The present inventive recombinant adenoviruses will prove highly useful in biological research. Specifically, the invention provides reagents and methods enabling biologists to more easily study viral molecular genetics and cytotoxicity. Additionally, the present invention provides reagents and methods permitting biologists to investigate the cell biology of viral growth and infection. Furthermore, the recombinant adenoviruses of the present invention will equip the biologist with novel tools for investigating molecular and cellular biology of gene expression and regulation in novel genetic backgrounds. Such studies, for example, can focus on the interaction between gene products in a defined or selected cellular background, the ability of trnscription factors to trasregulate gene expression via promoter, repressor, or enhancer elements engineered into the adenovirus, etc.
The present inventive recombinant adenoviruses also will prove highly useful as gene transfer vehicles for research or in the clinical setting. Specifically, the adenoviruses of the present invention are useful vectors for introducing transgenes into tissue culture cells or into the cells of animals to study development or repair of tissues. The vectors will find application as well in treating diseases through the transfer of therapeutic genes.
These and other advantages of the present invention, as well as additional inventive features, will be apparent from the following detailed description.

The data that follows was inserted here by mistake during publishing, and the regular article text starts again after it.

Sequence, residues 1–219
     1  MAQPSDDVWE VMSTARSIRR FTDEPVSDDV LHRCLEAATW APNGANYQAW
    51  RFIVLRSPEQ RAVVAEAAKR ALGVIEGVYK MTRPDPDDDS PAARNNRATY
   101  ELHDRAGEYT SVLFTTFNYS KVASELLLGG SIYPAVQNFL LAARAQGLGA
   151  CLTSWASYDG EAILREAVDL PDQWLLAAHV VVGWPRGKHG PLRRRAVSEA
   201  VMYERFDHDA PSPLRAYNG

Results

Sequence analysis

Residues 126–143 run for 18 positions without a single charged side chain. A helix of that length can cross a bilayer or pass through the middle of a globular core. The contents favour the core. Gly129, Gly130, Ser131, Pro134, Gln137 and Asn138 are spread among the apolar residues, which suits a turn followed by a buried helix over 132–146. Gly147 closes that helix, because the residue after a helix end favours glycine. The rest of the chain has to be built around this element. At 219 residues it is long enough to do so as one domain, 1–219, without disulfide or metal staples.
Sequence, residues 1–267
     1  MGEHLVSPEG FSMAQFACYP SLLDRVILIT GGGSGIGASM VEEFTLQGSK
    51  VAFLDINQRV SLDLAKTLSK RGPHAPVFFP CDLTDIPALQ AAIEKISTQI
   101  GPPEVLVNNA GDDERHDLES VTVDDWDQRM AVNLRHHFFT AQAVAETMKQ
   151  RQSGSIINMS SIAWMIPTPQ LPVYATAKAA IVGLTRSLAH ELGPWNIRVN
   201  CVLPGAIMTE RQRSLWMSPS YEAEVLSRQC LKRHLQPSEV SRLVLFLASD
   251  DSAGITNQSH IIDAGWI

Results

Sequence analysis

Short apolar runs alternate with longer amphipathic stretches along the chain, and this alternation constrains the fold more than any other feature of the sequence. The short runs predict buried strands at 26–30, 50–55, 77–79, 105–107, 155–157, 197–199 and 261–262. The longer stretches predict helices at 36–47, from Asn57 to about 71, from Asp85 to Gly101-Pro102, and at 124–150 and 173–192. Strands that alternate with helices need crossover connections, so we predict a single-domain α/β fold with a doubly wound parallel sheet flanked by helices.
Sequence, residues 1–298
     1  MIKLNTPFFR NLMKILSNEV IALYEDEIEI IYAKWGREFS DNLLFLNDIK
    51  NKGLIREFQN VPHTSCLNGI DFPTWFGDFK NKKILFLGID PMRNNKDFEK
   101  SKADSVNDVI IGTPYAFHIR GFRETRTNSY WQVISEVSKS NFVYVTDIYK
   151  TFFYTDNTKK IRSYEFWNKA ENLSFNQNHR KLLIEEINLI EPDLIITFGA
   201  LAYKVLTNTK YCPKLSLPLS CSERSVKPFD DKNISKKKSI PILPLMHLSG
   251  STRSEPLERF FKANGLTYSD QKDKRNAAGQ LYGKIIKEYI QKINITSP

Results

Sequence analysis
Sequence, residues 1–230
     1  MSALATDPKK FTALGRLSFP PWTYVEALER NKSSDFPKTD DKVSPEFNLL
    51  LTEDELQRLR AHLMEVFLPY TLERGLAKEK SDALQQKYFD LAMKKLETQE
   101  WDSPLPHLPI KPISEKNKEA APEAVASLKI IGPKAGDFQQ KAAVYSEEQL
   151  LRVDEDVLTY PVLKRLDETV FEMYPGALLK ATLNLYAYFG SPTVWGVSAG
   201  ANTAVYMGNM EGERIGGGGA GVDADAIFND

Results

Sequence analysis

As used herein, including the claims appended hereto, the following terms are employed as follows:
An adenovirus refers to any virus of the genus adenoviridae, regardless of host species specificity or viral serotype. However, for clarity and ease of reference, the present invention will be described with reference to the Ad5 serotype.
A packaging cell is a cell able to propagate recombinant adenoviruses by supplying a product required for efficient viral growth. For example, where a recombinant adenovirus contains deficiencies in one or more genes essential for efficient replication, the packaging cell expresses the missing viral gene product, either from its own genome or from a gene located on a vector within the cell (e.g., a plasmid, a "helper virus," etc.).
A gene is defined as a DNA or RNA sequence corresponding to (i.e., encoding) a mature RNA species. In many cases, a gene encodes a protein; however, some gene products are active as mature RNA (e.g., rRNA, antisense RNA, ribozymes, etc.).